Using My Head This Time
Over The Border

Sausage Run

About once a month I’ll make the 35 mile round trip to my butcher at Hogshaw, who is only open on Saturday mornings. It’s a nice run out down the back roads around Winslow, and it’s worth it for the quality of the meat.

My late father introduced me to this butcher, called J.C. Meats. I would drive my Dad there about every six weeks to stock up his chest freezer. I’ve also gone there with a wide variety of other people, so at one time Charlie the butcher there couldn’t work out who I was related to.

In the summer months, I’ve taken to going there on the bike. The bike’s panniers easily take all the sausages, bacon and other meats I’ll eat in a month. I buy a variety of different sausages, and pack them up in mixed half dozens for the freezer when I get home. I do like their sausages and their mince is very tasty.

When I was there recently Charlie asked me if I had been at Ickford for the tug of war match against the Oxfordshire village of Tiddington. He thought he had spotted me in the pub afterwards, but as I’d only stopped there for a quick half of bitter, I had gone before he could talk to me.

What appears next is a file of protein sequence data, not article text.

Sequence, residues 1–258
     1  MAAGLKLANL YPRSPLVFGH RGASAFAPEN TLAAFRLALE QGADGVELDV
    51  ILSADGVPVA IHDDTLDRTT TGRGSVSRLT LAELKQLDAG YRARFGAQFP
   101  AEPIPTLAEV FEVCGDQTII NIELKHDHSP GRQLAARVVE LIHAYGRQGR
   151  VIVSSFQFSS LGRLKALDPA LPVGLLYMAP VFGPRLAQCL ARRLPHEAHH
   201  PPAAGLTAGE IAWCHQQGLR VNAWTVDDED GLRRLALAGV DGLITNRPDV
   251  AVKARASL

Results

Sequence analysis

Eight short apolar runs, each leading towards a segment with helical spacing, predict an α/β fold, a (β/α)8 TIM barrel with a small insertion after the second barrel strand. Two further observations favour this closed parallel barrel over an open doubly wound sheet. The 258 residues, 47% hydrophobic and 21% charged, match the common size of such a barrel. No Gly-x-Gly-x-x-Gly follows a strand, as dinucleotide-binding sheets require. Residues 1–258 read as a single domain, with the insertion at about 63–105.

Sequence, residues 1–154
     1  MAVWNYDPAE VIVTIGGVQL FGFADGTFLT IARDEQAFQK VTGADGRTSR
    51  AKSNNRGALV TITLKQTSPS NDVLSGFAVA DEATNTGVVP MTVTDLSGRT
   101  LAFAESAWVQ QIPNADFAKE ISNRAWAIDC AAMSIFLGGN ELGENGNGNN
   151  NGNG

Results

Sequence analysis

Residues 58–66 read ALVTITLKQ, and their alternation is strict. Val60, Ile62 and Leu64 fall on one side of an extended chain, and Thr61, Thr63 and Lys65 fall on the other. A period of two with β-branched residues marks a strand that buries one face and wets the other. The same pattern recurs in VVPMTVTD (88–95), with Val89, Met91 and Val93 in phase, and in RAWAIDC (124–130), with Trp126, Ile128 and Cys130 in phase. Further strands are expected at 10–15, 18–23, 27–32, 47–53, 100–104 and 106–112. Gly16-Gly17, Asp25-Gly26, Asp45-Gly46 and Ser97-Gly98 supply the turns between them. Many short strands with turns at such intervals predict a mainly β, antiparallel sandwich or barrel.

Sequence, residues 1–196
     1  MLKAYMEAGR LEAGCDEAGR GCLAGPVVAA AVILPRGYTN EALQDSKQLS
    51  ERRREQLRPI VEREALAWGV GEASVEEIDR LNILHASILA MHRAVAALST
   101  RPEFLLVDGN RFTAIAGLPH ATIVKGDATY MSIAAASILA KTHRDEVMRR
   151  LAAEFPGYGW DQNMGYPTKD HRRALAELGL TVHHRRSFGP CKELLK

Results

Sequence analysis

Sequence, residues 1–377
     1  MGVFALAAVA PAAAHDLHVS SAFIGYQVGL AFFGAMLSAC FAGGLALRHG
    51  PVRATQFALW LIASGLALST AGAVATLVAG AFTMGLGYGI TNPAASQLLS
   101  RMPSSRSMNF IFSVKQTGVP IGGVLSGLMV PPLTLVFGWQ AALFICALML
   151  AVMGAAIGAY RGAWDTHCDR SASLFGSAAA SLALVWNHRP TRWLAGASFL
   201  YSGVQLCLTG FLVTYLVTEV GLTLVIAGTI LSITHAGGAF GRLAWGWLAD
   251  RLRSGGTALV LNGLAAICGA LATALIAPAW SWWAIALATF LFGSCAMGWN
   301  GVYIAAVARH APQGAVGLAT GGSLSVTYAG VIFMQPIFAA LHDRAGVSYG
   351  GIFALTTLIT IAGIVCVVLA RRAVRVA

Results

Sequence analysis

Charlie told me that he was there because his boss was the anchor man for the winning Ickford team. You can read all about the annual match that’s pulled across the river Thame in my post here.

To get to J.C. Meats, take the Grandborough and Waddesdon turn at Botolph Claydon and drive down the hill. At the bottom of the slope don’t carry straight on to Grandborough at the junction, but follow the road round to the right.

After a mile you’ll pass the left turn to North Marston, and the entrance to Hill Cottage Farm is about 300 yards further on, on your left. J.C. Meats are at unit 9, and only open on Saturdays, from 8am to 1pm; J.C. Meats are mostly a wholesale butcher. The postcode is MK18 3LA.

There’s just a few farms at Hogshaw now, but there used to be a village until the occupants were evicted from their homes so the land could be used for sheep farming, in the late 1400s. The church was pulled down in 1730, and we don’t know exactly where it was now.

There’s a couple of fishponds, an empty moat and a few earthworks to show where the village once stood. Hogshaw is just one of many deserted villages in North Bucks.

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